All she ever wanted was to be around her older sister. I took her for granted because that’s what older sisters do. The thought of almost losing her was too much for me to bear. It’s not until I was older that I began to value and appreciate that bond that sisters have.
Her constant tagging along and wanting to be around me only strengthened the relationship we have. I guess my parents did know what they were doing after all. If I could go back in time I would appreciate Danielle more. Almost losing her had me re-evaluating how I treat her. She was the first true love of my life. In that regard, my parents did something right.
My dad, Carlos, was a store manager for one of the major men’s shoe stores in New York City at the time. He has always been a leader, the type of guy you would go to for his opinion or advice. This is a trait that I have inherited from him. He’s great at managing and getting the best out of people. He demands respect but he also respects everyone he interacts with. One of the many lessons he taught me was to treat others how you would want to be treated.
He is a very wise man despite the fact that he only has a high school education. It’s ironic that he never pursued further education because for as long as I can remember obtaining a college education is something that he envisioned for my sister and me. It was never a topic open for discussion. Danielle and I were going to college no ifs, ands, or buts about it. I think this a staple of most Latino families.
“You girls are going to college so that you never have to depend on any man”, he would say.
My dad was a handsome man. He always wore a shirt and tie to work. He stood 5’9” tall, wore glasses and was very fair skinned. He had a mustache and occasionally grew a goatee. I hated the goatee because it would scratch my face whenever he gave me a kiss. His eyebrows connected in the middle to form a “uni-brow”. This was the one thing I hated inheriting from him.
Since he worked in retail my dad usually worked long hours and his job didn’t allow for much time to spend with Danielle and me. By the time he got home, ate dinner, and relaxed it would already be time for Danielle and I to go to bed.
We had a 10 o’clock bed time on school nights but he tried his best to make it home in time to tuck us in for bed and kiss us goodnight. Those few minutes he would spend with us before going to sleep weren’t much but they meant a lot. As kids we don’t realize the significane of these small things.
My mom, Nina or Teeny as she is called is exactly how her name implies, small. She has the softest, smoothest cinnamon brown skin I have ever seen. To the touch her skin feels like rose petals in between your finger tips. It is that soft. She is 4’ 11” tall and weighs about 100 lbs.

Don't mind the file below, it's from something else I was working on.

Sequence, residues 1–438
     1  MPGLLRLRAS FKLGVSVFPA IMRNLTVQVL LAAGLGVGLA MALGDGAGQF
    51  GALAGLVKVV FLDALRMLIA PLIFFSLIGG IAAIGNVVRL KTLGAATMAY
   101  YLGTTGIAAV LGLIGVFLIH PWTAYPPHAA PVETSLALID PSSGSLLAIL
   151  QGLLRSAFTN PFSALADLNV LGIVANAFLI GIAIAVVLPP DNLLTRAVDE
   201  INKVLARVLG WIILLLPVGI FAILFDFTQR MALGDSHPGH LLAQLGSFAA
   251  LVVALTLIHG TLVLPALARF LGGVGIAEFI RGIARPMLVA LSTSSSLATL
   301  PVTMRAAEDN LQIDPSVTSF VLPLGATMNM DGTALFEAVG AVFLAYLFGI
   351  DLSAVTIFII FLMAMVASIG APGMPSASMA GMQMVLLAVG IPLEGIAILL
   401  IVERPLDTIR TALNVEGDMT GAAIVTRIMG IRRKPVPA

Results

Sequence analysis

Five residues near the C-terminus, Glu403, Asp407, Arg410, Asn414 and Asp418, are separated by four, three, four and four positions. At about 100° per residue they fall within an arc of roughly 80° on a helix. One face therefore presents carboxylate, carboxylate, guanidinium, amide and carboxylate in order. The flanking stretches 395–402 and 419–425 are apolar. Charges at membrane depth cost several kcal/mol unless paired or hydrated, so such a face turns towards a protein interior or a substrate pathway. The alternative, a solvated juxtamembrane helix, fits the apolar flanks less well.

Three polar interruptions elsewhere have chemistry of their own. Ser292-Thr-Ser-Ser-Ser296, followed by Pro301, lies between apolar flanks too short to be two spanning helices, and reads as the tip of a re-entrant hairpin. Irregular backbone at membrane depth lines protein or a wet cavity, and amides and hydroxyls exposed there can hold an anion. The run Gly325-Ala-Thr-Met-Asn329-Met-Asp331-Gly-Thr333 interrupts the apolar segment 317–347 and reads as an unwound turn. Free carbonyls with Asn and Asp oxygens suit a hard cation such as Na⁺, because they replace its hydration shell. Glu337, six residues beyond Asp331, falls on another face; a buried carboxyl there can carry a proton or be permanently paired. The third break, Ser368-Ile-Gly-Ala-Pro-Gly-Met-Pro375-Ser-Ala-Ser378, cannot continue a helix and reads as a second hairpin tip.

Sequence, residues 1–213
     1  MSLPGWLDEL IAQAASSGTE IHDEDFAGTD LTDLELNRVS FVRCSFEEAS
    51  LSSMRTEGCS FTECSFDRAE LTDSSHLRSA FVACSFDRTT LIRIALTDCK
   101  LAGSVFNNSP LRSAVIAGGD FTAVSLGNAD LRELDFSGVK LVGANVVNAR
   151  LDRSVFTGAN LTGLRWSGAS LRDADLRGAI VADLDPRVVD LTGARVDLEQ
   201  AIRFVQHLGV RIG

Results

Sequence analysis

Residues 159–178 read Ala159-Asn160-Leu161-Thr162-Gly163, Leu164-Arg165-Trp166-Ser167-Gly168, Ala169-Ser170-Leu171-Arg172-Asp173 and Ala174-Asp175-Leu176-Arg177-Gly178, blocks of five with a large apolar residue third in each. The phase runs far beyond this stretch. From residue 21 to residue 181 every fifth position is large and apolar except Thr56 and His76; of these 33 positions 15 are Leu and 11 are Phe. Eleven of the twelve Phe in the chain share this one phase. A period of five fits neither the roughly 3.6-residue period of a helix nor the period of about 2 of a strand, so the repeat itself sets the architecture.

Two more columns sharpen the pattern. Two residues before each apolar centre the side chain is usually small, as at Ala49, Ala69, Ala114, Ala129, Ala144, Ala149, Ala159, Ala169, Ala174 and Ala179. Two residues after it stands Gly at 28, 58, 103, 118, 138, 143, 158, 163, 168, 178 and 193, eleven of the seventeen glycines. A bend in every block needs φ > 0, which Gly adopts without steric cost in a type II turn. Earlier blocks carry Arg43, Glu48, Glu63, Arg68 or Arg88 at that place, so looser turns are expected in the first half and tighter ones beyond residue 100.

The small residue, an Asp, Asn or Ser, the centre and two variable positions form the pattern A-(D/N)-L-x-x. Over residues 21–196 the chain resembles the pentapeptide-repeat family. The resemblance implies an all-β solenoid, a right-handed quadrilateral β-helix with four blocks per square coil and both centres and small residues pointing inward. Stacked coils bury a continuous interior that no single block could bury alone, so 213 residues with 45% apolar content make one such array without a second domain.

She has honey blond colored feathered hair. She almost looks like a caramel colored version of Farah Fawcett. She’s that beautiful. To me she is the most beautiful woman I had ever seen.
She’s very glamorous and fashionable. 5” heels for her are like sneakers. She wore them all the time. In fact, she even wore heels to an amusement park once. Her nails were always polished and her makeup was flawless.
My father spoiled her just as he spoiled Danielle and me. He bought her any and everything she wanted. She had enough jewelry and diamonds to open up her own jewelry store. To describe her as fabulous would be an understatement. He pampered her and took good care of not only her but her family also.
My grandmother, uncles, aunts, and even cousins benefited from my dad’s big heart. His big heart however, would often fall victim to his temper. As kind and giving as he was he could be just as mean and hurtful when he was angry. Sometimes it was like living with Dr. Jekyll and Mr. Hyde. Despite this flaw I worshipped him. I made myself believe that his double personality was just an adverse affect of the constant pressures of being the man of the house.
In my eyes my parents were the ideal couple and represented what true love was. Or at least that was what I believed back then, even when they argued and his fist accidentally made contact with my mother’s face.
*Stay tuned for more from the lives of Natalie & Danielle*
 lechon-Spanish word for pig; traditionally cooked for the Christmas holiday in Puerto Rican families
 Tato: Spanish slang word for esta todo bien; meaning everything is good
 Vieja- Spanish word meaning older lady
 Capicu- Spanish slang usually used when playing dominoes.
 Piragua- Spanish form of flavored ice made from a big block of ice and flavored syrup